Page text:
Researchers design organisms using computer simulations, frog cells

Scientists from Tufts University and the University of Vermont (UVM) successfully created programmable, living nanobots from the cells of frog embryos, called xenobots. Michael Levin, the Vannevar Bush Professor of Biology and director of the Allen Discovery Center, and Dr. Douglas Blackiston, a scientist in Levin’s lab, co-authored the report published on Jan. 13 with their UVM counterparts.

The research project was composed of two parts.

Levin and Blackiston conducted the biological portion of the research. Dr. Josh Bongard, director of the Morphology, Evolution & Cognition Laboratory at UVM, and Sam Kriegman, an evolutionary robotics Ph.D. candidate at UVM, led the computer science part of the project.

The project focused on finding a way to design organisms from frog cells based on a computer algorithm and artificial intelligence, according to Blackiston. He added that the computer program used by Bongard and Kriegman simulated task-specific cell configurations, selecting the best performer of the group.

Blackiston explained that the repeated simulations, which were used to replicate the configuration with organic material from the frog cells, were similar to evolution.

“Over many different generations, just like real evolution, you come up with something much better at solving the task,” Blackiston said.

Levin explained that the study’s conclusion was that cells with normal frog genomes are able be reassembled in a completely different configuration with different behaviors, without any genetic manipulation.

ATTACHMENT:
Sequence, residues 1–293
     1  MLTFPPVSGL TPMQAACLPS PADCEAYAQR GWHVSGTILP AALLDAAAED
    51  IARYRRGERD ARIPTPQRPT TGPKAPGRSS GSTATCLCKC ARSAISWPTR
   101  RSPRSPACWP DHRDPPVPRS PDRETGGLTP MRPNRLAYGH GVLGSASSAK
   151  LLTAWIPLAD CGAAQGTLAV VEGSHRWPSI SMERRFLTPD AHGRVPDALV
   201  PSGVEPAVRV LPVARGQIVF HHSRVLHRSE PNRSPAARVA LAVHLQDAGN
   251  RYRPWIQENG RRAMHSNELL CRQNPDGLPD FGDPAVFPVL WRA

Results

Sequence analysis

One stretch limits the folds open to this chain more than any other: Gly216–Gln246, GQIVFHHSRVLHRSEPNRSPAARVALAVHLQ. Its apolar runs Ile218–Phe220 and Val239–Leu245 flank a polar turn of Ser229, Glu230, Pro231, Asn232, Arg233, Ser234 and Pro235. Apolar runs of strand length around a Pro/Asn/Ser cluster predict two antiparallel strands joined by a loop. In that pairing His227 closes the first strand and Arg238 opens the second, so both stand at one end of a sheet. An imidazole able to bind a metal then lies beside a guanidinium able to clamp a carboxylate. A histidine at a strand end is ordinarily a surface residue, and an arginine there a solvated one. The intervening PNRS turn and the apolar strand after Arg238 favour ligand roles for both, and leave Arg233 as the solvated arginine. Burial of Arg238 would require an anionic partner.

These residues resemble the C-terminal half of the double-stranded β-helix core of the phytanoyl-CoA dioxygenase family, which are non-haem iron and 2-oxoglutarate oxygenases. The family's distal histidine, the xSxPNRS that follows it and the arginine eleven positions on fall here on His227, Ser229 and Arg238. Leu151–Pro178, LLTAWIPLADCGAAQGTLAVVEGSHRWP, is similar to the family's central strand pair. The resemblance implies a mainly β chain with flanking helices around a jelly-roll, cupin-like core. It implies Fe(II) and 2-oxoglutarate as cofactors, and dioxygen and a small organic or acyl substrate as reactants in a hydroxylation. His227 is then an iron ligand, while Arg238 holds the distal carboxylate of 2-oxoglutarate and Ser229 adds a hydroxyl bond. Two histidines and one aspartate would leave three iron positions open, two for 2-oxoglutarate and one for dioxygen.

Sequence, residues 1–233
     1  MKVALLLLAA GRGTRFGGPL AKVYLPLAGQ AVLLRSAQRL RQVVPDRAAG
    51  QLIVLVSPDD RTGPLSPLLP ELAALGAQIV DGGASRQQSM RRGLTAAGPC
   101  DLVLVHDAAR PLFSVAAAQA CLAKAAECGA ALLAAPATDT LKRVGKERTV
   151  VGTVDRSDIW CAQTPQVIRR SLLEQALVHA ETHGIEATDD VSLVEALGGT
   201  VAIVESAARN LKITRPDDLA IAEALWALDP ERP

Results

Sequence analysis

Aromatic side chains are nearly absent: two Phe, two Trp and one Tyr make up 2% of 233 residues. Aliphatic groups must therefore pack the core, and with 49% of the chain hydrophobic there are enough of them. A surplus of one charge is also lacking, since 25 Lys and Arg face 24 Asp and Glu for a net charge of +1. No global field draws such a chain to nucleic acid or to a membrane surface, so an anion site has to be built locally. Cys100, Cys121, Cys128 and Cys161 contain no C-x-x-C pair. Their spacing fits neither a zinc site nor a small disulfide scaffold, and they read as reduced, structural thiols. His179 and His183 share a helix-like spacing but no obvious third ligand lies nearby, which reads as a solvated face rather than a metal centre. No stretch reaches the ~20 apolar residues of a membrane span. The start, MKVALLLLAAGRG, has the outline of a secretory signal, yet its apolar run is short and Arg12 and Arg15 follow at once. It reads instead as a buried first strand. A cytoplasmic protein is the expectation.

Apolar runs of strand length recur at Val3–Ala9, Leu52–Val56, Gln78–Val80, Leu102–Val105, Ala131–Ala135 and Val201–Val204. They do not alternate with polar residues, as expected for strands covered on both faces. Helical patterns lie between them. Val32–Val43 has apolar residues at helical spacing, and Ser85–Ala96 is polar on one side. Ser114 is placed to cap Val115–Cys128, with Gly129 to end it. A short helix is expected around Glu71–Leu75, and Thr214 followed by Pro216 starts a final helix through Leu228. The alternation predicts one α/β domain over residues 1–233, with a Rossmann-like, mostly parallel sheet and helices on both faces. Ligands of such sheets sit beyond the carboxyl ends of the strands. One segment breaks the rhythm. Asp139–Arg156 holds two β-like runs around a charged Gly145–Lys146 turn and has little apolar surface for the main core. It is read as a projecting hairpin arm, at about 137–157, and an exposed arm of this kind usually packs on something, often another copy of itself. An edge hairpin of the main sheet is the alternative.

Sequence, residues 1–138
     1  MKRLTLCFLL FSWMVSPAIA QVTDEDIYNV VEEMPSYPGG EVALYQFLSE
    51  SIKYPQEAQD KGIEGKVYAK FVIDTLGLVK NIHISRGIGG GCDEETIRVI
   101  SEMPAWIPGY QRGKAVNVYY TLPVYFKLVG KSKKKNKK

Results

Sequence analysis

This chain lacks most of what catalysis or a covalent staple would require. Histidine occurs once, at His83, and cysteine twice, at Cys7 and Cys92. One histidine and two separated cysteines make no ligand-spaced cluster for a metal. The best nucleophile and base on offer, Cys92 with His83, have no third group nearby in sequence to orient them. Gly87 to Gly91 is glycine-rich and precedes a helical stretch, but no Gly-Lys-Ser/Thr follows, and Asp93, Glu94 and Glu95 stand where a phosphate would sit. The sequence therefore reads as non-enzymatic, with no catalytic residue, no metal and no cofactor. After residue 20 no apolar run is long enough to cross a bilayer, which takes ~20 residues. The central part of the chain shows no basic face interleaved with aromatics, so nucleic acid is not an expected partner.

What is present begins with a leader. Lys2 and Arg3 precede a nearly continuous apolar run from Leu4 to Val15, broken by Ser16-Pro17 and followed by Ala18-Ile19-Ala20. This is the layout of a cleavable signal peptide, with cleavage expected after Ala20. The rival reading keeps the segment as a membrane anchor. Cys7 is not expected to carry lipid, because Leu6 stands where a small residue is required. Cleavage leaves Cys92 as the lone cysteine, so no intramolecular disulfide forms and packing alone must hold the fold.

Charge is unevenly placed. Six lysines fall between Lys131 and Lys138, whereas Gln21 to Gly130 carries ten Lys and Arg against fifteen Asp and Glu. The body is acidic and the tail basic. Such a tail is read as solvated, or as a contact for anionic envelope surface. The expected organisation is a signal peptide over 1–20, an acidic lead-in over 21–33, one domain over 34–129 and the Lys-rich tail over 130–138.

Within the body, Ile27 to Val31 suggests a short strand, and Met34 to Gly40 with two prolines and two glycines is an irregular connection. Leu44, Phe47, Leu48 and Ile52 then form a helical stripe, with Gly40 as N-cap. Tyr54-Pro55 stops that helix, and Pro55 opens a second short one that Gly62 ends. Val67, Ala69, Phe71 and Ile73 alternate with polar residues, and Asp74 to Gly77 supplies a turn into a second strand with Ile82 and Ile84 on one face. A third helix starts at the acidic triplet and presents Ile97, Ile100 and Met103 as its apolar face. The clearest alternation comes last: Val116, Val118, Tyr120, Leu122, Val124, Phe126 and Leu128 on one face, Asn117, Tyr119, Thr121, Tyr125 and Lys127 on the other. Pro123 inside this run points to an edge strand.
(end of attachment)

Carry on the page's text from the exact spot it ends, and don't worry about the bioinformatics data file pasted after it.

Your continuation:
“What the skin cells did was assemble a network that [made cells] able to talk to each other and pass the electrical signals that get the cardiac cells contracting, and when the cardiac cells contract it generates force,” Levin said. “The whole point of the computer simulation was that we were able to see under those circumstances how to sculpt the thing a little bit.”

Levin said that he worked to define the research direction, conduct and design the project while Blackiston developed the protocol. At UVM,Bongard made the simulator to evolve robot designs and Kriegman designed the code for the virtual evolution.

Vice Provost for Research Caroline Genco, whose office evaluates funding proposals based on their impact, cross campus interactivity and feasibility over a three-year period, said that Levin’s research was selected to receive funding because it was innovative and it had great potential for future study.

“[Dr. Levin’s] work is really one of the pillars of biological research in [the School of Arts & Sciences]. He is one of our stars,” Genco said. “He’s got a fantastic group — they’re probably some of the most innovative scientists we have.”

Blackiston explained that scientists can use the xenobots to explore questions about computer-designed organisms made from organic material.

“We’re trying to create this sandbox of development where different groups can see what they can use the xenobots for and build the organisms specific to their purposes,” Blackiston said. “This is really a great testbed for sort of anybody that is interested in this field to ask these sorts of questions using the existing technologies.”

Levin noted that he is working on analyzing other data focusing on modifications of the xenobots, as well as their different behaviors and abilities, and expects another paper published this year.

Levin emphasized that this research helps begin to answer much broader and more fundamental questions about cell biology.

“I think it’s important to put this in the context that the big thing here is not just having robots made of frog cells, but that this is really a computational question about how cells know what to do and how they make decisions,” Levin said.

Levin elaborated, connecting his ongoing research to other unanswered research questions in computer science.

“It’s still pretty unknown how [cells] know how to make a particular structure, so this is part of that really large question that’s at the center of all of biology and also of a lot of computer science and robotics, on how collectives make decisions,” Levin said.


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